Tania Broughton, Independent Online, SOUTH AFRICA May 23 2006
A Durban woman, separated from her husband – whom she had married under Hindu religious rites – launched a direct attack on South Africa's Marriage Act, claiming that her constitutional rights had been violated because, as her 19-year "marriage" was not considered legal, she could not "divorce" or benefit from the proceeds of the relationship.
"This is not about the money but about dignity and respect. I was not just shacking up," Dr Suchitra Singh told Durban High Court Judge Chiman Patel on Monday.
If Singh wins – and it is ratified by the Constitutional Court – it could have an impact on all non-registered, religious or customary marriages in South Africa which, under present legislation, are not recognised as lawful unions.
In the matter before the court, Singh has brought the application against her estranged husband, Dr Jailall Ramparsad, the minister and director-general of Home Affairs and the minister of Justice and Constitutional Development.
She wants an order declaring the Marriage Act unconstitutional, declaring her marriage lawful, and allowing her a legal divorce with community of property provisions.
She has abandoned her claim for half of Ramparsad's estate – the couple apparently agreeing to keep the assets they now retain. But she has deferred the issue of maintenance until the outcome of the constitutional challenge.
Giving evidence on Monday, Singh said she and Ramparsad had married in 1987 at a "simple, religious" Vedic ceremony witnessed by family and friends. They had not registered the marriage at that time because of tax implications. Singh said the relationship had become abusive and they had separated in 2000 when he had evicted her from the marital home.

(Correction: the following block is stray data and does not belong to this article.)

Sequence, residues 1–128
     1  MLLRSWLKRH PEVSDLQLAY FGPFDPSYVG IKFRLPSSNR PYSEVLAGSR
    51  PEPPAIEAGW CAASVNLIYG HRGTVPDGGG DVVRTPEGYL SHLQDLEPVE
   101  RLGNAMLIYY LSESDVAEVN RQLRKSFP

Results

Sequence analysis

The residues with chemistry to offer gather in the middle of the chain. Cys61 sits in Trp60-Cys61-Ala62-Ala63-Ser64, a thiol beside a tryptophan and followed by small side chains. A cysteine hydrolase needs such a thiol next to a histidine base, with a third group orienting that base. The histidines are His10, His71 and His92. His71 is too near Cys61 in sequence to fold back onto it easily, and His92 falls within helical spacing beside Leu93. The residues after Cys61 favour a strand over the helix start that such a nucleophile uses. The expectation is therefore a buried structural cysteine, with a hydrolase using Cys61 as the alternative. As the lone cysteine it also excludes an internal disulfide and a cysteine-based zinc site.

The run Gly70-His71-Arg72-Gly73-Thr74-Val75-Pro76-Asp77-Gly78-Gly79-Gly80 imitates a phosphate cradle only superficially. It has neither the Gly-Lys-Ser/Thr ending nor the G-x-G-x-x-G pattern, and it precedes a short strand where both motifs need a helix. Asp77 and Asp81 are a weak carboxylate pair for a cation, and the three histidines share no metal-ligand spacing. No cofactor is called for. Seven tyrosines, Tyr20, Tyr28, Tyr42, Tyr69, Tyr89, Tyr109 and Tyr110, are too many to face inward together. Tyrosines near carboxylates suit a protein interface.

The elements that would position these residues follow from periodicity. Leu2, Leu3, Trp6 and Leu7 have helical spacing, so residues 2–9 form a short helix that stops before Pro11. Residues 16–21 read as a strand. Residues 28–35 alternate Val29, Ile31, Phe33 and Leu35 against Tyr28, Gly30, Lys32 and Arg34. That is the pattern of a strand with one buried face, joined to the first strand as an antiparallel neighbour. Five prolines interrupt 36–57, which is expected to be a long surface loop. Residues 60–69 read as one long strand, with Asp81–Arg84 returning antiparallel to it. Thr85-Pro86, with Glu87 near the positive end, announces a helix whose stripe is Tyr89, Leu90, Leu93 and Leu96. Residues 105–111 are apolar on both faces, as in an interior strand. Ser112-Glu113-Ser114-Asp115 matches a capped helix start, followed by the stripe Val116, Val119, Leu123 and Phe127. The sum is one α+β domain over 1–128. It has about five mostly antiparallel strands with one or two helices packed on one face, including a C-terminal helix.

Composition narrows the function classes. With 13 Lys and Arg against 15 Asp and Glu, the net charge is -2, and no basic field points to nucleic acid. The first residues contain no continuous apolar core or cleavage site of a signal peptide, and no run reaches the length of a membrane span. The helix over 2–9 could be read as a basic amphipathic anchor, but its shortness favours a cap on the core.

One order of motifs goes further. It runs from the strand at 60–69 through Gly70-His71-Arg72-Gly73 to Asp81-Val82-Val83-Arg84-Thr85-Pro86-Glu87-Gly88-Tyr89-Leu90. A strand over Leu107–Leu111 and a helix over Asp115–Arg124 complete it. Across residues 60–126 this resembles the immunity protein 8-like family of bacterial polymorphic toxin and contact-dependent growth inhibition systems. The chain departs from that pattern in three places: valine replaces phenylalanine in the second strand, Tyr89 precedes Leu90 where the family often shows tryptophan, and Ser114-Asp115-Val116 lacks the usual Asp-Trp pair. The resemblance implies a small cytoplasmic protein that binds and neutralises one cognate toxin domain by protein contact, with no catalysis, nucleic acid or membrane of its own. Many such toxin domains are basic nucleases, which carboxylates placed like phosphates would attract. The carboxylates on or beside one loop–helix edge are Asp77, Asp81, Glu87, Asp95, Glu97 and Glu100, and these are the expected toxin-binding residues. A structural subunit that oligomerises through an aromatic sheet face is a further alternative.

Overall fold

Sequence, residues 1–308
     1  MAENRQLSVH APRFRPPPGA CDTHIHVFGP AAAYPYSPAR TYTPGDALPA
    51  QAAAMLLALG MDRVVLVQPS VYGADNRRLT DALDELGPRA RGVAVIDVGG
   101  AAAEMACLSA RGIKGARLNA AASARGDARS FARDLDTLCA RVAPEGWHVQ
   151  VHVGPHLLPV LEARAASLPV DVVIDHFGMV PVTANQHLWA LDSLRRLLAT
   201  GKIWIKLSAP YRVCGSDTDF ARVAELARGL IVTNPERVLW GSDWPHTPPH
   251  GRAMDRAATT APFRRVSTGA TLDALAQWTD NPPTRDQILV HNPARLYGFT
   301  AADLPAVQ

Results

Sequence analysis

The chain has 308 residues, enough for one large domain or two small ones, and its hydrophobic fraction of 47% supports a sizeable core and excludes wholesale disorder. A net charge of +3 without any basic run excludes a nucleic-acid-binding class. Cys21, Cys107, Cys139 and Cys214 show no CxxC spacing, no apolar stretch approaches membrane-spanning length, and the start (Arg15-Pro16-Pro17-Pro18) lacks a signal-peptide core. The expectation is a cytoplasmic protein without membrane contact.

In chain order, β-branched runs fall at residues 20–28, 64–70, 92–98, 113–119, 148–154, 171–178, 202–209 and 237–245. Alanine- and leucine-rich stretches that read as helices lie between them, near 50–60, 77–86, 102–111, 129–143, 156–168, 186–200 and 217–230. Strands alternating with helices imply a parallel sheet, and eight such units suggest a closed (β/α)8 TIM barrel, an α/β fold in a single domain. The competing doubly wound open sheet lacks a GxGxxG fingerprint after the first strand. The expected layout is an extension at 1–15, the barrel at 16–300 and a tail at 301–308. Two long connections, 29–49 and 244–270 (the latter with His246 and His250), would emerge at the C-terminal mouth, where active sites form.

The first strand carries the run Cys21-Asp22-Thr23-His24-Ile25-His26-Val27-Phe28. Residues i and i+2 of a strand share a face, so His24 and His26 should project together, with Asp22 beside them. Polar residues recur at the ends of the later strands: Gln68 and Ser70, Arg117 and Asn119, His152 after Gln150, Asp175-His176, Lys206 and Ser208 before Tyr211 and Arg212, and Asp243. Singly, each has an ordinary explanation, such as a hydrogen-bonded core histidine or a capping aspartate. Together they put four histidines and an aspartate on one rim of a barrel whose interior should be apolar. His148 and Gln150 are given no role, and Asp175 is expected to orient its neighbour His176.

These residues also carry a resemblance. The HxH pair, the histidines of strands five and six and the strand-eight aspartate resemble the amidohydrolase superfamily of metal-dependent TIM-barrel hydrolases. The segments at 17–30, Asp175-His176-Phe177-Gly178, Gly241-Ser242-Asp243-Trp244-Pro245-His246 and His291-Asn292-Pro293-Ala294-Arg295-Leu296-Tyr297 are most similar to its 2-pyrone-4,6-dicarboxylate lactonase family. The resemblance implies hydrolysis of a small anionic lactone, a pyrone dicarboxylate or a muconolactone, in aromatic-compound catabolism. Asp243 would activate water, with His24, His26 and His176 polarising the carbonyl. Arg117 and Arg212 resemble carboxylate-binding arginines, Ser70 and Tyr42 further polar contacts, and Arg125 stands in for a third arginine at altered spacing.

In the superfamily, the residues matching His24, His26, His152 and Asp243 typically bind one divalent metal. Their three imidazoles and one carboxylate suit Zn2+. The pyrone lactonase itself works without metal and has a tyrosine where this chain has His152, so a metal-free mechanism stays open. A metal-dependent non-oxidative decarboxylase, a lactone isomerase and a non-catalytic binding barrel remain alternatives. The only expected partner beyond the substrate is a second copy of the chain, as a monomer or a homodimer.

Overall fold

"There was never a discussion about divorce… We were planning a life together as husband and wife. I never agreed to shack up, I was in a legitimate marriage.
"Now I cannot get closure. I want to get married again, but I can't if I am someone else's wife," she said.
Ramparsad, in his plea before the court, said the couple had agreed that they would not enter into a lawful marriage, but would cohabit, accumulate their own estates and be at liberty to terminate the relationship if either saw fit.
Singh denied this. Under cross-examination by Ramparsad's advocate, Vinay Gajoo, Singh conceded that at the time of her marriage, she had known that it had to be registered in order to be lawful and, when Ramparsad and she had not done this, she had not forced the issue, nor had she sued him for breach of promise.
But she said by the time the marriage broke up in 2000, she believed that it would be recognised because of the changes in the country.
It emerged in opening arguments that recently adopted legislation gave recognition to African customary marriages and they were recognised, whether registered or not.
This, Singh's advocate Omar Moosa contended, was "treating different communities differently".
The hearing continues on Tuesday, when Hindu religious and cultural experts are expected to testify.